Vienna

Thomas Locher, Lumpenalphabet (Z), 2019, silk screen on acrylic glass, 18 7⁄8 × 18 7⁄8 × 2". From the series “Lumpenalphabet,” 2019.

Thomas Locher, Lumpenalphabet (Z), 2019, silk screen on acrylic glass, 18 7⁄8 × 18 7⁄8 × 2". From the series “Lumpenalphabet,” 2019.

Thomas Locher and Willem de Rooij

Georg Kargl Fine Arts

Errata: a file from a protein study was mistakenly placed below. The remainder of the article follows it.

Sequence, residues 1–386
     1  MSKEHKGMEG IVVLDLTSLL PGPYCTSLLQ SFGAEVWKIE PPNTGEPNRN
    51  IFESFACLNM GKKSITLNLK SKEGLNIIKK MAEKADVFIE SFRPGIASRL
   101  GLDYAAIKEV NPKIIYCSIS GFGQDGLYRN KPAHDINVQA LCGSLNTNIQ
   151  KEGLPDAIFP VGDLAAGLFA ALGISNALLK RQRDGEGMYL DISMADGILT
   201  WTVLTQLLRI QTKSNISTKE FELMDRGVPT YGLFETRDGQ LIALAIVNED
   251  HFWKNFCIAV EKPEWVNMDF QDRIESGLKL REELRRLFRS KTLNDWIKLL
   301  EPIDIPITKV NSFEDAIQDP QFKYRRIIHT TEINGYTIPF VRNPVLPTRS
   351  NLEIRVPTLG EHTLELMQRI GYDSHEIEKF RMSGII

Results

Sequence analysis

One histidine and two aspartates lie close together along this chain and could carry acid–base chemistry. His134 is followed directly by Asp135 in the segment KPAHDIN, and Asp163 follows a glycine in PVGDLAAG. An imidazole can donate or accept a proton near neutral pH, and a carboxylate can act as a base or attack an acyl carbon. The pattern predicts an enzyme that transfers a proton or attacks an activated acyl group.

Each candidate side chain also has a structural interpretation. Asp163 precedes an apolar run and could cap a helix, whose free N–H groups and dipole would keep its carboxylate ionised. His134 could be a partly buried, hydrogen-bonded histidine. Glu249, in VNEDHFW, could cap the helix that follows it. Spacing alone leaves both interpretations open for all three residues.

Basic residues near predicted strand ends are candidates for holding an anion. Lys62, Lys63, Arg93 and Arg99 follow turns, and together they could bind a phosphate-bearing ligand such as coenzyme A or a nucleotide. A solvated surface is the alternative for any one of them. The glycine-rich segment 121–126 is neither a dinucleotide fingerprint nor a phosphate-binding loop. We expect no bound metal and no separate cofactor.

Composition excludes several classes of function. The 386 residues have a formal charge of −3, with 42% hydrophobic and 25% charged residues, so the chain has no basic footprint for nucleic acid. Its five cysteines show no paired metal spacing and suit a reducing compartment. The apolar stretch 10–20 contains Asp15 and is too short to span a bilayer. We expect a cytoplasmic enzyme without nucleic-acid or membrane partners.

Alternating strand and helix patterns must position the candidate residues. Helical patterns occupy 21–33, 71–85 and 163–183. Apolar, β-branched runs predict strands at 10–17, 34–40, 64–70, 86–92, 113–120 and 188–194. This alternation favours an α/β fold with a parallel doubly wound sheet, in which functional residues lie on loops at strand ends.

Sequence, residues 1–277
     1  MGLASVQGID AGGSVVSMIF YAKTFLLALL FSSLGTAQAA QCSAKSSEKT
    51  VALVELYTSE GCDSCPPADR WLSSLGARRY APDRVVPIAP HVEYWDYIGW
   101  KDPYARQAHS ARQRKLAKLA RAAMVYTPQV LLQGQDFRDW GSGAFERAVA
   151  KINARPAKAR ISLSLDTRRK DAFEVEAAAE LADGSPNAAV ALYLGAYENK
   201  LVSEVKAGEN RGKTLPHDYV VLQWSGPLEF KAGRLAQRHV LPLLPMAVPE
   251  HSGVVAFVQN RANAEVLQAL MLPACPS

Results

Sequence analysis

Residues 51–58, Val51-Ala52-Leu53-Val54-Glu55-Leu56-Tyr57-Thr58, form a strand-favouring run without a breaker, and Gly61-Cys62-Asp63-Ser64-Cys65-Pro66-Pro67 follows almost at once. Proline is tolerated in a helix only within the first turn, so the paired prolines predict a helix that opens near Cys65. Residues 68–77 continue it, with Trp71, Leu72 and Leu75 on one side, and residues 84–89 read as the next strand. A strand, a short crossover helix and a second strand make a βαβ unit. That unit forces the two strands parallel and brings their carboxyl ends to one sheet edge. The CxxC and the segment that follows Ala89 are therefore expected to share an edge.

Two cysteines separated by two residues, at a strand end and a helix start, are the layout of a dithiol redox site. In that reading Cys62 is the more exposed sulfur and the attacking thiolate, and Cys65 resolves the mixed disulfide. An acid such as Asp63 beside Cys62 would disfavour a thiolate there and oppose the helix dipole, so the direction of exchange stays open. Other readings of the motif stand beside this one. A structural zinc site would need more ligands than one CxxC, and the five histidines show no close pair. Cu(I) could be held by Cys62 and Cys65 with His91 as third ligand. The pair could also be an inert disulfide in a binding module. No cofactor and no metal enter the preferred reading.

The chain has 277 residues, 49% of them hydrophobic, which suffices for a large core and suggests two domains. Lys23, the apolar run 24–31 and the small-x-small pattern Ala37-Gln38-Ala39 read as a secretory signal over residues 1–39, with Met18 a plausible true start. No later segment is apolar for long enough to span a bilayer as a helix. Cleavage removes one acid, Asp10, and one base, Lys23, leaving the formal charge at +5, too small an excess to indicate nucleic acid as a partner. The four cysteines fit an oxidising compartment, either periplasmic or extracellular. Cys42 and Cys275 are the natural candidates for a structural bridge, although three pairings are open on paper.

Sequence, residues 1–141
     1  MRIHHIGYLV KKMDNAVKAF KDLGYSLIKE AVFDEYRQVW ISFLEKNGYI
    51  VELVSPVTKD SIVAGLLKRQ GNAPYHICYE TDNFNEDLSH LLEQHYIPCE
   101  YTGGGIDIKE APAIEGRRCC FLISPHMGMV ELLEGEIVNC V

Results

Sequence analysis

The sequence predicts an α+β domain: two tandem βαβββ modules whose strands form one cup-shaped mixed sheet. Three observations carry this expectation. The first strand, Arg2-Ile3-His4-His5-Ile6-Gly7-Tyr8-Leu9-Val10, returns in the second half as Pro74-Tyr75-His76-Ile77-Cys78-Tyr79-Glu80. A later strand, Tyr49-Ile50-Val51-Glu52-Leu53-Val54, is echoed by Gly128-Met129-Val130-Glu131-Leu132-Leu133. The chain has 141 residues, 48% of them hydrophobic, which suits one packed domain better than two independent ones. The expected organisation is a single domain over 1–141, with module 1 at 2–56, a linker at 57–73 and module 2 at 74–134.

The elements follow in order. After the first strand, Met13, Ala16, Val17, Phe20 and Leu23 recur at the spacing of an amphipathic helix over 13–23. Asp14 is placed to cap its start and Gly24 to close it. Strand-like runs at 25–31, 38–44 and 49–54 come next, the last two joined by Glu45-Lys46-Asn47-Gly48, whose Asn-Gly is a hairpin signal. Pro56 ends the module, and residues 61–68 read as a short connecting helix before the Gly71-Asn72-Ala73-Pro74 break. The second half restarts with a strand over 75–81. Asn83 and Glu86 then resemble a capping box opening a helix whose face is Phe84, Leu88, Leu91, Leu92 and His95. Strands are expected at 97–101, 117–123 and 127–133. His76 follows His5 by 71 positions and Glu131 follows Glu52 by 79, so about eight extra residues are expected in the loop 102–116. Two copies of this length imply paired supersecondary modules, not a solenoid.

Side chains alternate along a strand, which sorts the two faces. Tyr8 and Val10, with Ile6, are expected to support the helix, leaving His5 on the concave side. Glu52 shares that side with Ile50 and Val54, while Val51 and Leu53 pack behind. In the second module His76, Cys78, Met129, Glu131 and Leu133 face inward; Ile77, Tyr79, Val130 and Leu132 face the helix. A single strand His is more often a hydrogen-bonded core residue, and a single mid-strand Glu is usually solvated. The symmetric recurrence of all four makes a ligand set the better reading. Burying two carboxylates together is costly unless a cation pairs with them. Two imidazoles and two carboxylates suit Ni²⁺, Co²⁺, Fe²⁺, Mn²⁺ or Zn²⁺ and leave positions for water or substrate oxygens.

In David Mitchell’s 2010 novel The Thousand Autumns of Jacob de Zoet, the protagonist, a young Dutch East India Company clerk stationed in Japan in the late eighteenth century, surprises the court of the magistrate of Nagasaki by speaking Japanese, which he has been learning in secret. No one has ever heard a foreigner speak Japanese, and afterward, one of the stunned advisers mocks the Dutchman’s accent for sounding “like a crow’s,” whereupon the magistrate chides his subordinate by asking if he speaks Dutch “like a nightingale.” This scene encapsulates the dual character of language. On the one hand, it is a system to be studied and acquired through hard work, the domain of linguistics. On the other hand, this rational system can be beautiful, mysterious, and startling; it is lyrical like birdsong. A comparable synthesis of intellectual rigor and poetic sensibility permeated Thomas Locher

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